I've mentioned before that the "younger generation" seems to be developing a different relationship to driving and car ownership than when I was growing up.
Who better to find out more than Zipcar, which last fall commissioned a survey of 18-34 year olds (one of their sweet spots) and released a short Powerpoint on the results.
The survey of 1025 adults, including 287 Millenials found that:
- 54% reported they "sometimes choose to spend time with friends online instead of driving"
- 45% "consciously made an effort to reduce how much I drive"
- 67% said "If there were more options in my area, such as public transportation, carsharing or convenient carpooling, I would drive less than I do now"
- 80% "somewhat" or "strongly agreed" that the high cost of car ownership is making it difficult to own a car
The survey reminded us that Millenials have been hit hard by the recession (although they didn't distinguish how hard hip, urban professionals were affected) and that as a group they were already in debt from school.
The survey was picked up by a couple a couple of writers, the best being by free-lancer Jim Montavalli, who wrote a very nice column Why Facebook is better than driving and recycled it several places. Montavalli was skeptical that this is actually good for Zipcar and, even after talking to Zipcar CEO Scott Griffith seems to not understand that the less you drive (your own car) the more attractive borrowing a carsharing vehicle becomes.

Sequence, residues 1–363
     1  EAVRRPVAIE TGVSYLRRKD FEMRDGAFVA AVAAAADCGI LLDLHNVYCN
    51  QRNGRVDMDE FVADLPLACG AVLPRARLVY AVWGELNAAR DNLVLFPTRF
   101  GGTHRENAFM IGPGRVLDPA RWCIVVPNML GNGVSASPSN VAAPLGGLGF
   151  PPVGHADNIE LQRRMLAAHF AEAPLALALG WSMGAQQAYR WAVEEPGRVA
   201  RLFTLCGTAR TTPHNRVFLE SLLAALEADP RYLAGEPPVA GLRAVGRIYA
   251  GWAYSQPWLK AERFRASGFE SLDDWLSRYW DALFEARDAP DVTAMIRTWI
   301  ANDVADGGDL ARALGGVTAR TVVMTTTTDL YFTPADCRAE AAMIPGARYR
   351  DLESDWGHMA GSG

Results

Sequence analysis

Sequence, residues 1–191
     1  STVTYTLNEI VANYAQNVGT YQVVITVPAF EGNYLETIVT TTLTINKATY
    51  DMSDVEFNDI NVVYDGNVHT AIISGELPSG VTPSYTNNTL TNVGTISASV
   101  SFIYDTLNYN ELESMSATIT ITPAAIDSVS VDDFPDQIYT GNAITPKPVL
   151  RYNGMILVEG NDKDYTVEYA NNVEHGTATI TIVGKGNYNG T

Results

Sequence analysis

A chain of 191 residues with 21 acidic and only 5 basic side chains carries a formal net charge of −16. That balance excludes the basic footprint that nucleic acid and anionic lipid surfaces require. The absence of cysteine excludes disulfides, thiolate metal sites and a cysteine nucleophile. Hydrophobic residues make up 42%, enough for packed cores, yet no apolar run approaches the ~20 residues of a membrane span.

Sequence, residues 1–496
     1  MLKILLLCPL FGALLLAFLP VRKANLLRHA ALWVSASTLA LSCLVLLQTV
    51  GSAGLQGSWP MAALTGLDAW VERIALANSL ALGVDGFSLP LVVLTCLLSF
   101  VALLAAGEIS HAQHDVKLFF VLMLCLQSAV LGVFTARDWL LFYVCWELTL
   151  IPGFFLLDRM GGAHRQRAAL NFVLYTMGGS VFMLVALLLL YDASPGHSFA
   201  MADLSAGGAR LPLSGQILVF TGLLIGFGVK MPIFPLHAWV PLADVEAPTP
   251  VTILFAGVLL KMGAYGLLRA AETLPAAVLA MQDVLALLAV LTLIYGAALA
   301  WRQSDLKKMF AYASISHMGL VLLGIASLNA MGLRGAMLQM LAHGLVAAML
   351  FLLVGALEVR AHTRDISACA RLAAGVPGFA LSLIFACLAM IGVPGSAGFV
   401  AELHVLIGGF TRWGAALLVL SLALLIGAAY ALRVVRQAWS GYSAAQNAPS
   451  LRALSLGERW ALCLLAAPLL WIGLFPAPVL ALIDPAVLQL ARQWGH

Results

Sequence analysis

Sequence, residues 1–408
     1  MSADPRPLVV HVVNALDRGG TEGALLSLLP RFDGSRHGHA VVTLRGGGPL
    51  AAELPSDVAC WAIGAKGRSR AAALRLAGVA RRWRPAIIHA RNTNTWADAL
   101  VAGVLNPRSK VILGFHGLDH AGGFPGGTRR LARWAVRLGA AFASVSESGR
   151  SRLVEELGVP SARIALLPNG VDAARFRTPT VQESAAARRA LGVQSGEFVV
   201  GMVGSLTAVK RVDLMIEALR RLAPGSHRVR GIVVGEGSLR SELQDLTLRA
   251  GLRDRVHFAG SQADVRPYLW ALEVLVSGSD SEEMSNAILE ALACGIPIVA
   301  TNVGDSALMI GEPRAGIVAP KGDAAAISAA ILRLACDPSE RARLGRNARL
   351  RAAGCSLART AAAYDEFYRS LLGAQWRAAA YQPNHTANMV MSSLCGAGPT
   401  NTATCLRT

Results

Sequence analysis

Of course, Millenials, also called Gen Y, are a hot topic in the automotive and probably just about every other industry. MillienialMarketing.com had a good overview of the research - "What's Not in a Millenial's shopping cart - a car". BrandChannel writer Sheila Shayan interviewed Ford Motor Company's Sheryl Connelly, manager global trends and futuring,
- "I don't think the car symbolizes freedom to Gen Y to the extent it did baby boomers, or to a lesser extent, Gen X-ers. [Digital technology] allows teens to transcend time and place so they can feel connected to their friends virtually… we also understand the context in which they use cars has changed. ... It has nothing to do with performance or getting you from point A to point B. It's just a change in what people expect to be delivered."
Of course, for the time being, this is perhaps primarily a delay in purchase, not an overall reduction. But I certainly expect the overall number of cars in the US will continue to decline.